The Book in Three Sentences
There are many ways to make profit and it is unlikely that your business does all of them. People will pay different prices for the same thing in different situations (think: Coke in the grocery store vs. Coke in a nice restaurant). Good profit models are easy to brainstorm and hard to execute.
The Art of Profitability summary
This is my book summary of The Art of Profitability by Adrian Slywotzky. My notes are informal and often contain quotes from the book as well as my own thoughts. This summary also includes key lessons and important passages from the book.
- There are many ways to make profit and it is unlikely that your business all of them.
- Most people don’t care enough about profitability.
- Always do the math yourself. Too many people take numbers from unreliable sources.
- There are 4 levels of learning: Awareness, Awkwardness, Application, Assimilation
- Customer-Solution Profit: Know your customers incredibly well and create a solution specifically for them.
- Pyramid Profit: Different customers have different price sensitivities. This profit model works with that. Multiple tiers: Firewall (low-priced tier at bottom that can’t reasonably be underpriced by a competitor), Next tier (mid-range products that you upsell and cross-sell to from the low-priced tier), Premium tiers (higher-priced products that loyal customers buy)
- Multi-Component Profit: Same product, several businesses. People will pay different prices for the same thing in different situations (think: Coke in the grocery store vs. Coke in a nice restaurant).
- Switchboard Profit: Act as a power broker between buyers and sellers. Only works well if you can get 15 percent of the market or more because deals flow in your direction given your network on both sides of the deal.
- Time Profit: Be faster, be newer, be innovative. Be there before everyone else and exploit the advantage for as long as you can.
- Blockbuster Profit: Have a huge product launch. Think movies, books, and pharmaceutical product launches.
- Profit-Multiplier Model: Take one skill and make money from it in many ways. (e.g. Disney turns movies into tee shirts, amusements parks, toys and more.)
- Entrepreneurial Profit: Operate lean and avoid all the wasted resources that major corporations can afford to have. We can’t afford to “subside non-entrepreneurial behavior.”
- Specialist Profit: Lower costs because of better knowledge. Higher price because of better knowledge and stronger reputation.
- Installed Base Profit: Initial sales margins are slim, but money is made on the follow up sales. (Think: revenue from cars vs. revenue from car repairs.)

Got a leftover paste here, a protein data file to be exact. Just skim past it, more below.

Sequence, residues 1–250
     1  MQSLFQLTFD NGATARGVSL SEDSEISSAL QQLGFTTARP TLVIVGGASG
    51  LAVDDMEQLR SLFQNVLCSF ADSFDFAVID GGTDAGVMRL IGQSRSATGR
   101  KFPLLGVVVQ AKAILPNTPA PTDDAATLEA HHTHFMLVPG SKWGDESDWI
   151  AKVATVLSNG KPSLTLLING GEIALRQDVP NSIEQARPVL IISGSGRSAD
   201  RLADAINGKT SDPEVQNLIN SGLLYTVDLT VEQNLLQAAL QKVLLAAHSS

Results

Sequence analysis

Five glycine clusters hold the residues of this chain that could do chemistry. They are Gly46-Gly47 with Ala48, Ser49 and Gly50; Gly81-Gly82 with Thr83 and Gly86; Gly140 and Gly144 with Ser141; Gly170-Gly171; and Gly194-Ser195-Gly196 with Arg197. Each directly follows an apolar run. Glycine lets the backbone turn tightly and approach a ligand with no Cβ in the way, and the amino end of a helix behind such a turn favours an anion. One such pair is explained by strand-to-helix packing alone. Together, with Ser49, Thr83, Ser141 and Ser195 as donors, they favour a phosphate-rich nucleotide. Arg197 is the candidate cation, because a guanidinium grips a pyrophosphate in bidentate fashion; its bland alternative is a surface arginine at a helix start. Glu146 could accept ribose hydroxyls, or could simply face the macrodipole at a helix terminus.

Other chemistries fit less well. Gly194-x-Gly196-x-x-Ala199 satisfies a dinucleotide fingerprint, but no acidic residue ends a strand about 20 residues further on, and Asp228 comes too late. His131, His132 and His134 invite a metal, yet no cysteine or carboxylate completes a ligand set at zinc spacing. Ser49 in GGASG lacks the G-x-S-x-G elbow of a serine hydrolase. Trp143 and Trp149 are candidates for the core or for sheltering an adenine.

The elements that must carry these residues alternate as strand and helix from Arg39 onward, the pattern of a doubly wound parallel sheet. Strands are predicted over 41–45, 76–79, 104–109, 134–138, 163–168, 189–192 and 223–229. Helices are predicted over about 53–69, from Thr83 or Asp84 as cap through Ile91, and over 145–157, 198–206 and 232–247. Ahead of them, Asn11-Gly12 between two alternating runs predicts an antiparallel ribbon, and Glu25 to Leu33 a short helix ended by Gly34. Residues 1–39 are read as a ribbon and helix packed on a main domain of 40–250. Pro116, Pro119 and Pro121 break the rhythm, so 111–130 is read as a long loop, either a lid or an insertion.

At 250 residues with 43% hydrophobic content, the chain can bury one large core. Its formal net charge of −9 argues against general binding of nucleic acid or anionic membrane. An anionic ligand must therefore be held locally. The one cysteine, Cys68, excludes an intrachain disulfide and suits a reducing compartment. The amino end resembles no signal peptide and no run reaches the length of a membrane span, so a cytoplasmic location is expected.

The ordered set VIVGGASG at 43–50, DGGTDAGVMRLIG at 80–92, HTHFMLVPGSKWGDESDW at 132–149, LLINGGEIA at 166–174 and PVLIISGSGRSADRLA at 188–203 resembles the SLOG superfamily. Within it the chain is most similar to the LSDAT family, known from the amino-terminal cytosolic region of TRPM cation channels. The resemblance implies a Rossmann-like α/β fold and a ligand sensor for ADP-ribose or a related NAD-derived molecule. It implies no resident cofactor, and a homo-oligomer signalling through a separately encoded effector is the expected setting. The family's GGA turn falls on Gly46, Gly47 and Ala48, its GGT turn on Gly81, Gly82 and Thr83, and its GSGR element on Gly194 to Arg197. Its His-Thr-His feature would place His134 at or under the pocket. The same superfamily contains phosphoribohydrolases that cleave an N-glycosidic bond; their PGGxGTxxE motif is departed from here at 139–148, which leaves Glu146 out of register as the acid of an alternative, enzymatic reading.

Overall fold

- De Facto Standard Profit: The more people who buy, the more valuable your become. Network effects drive your profit up.
- Brand Profit: Pay enough for your brand and you win because people know you. (Personal note: I hate this one.)
- Specialty Product Profit: Develop new niche products and create them with above average materials, then charge a premium price.
- Local Leadership Profit: Be everywhere and then every store is like a billboard (Starbucks, Walmart, etc.)
- Transaction Scale Profit: Specialize in high paying, highly profitable markets. (Think: a real estate agent who only sells $1M+ homes.)
- Value Chain Position Profit: Certain places in the value chain are incredibly profitable while others are not. Look for these key control points.
- Cycle Profit: Adjust rates based on the cycle. (Think: Travel industry rates for low, mid, and high season.)
- After-Sale Profit: Drive profit with upsells, cross-sells, and supplemental products. Accessories, replacement parts, etc.
- New Product Profit: There is a profit explosion at the beginning of a product’s life.
- The Profit Parabola: “The total profit earned by all players in a market goes up, peaks, and comes back down to zero.” (i.e. Get in on the first half when profit is rising, not the last half.)
- Relative Market Share Profit: Companies with higher market share tend to be more profitable.
- Experience Curve Profit: Experience in serving the market results in lower transaction costs and, eventually, higher profit.
- Low-Cost Business Design Profit: The lower the costs of running your business, the higher your profit will be. You don’t need high revenues to make high profit with a low-cost business. This is one of the reasons why digital businesses are so attractive.
- Big transactions are a function of relationships.
- Good profit models are easy to brainstorm and hard to execute.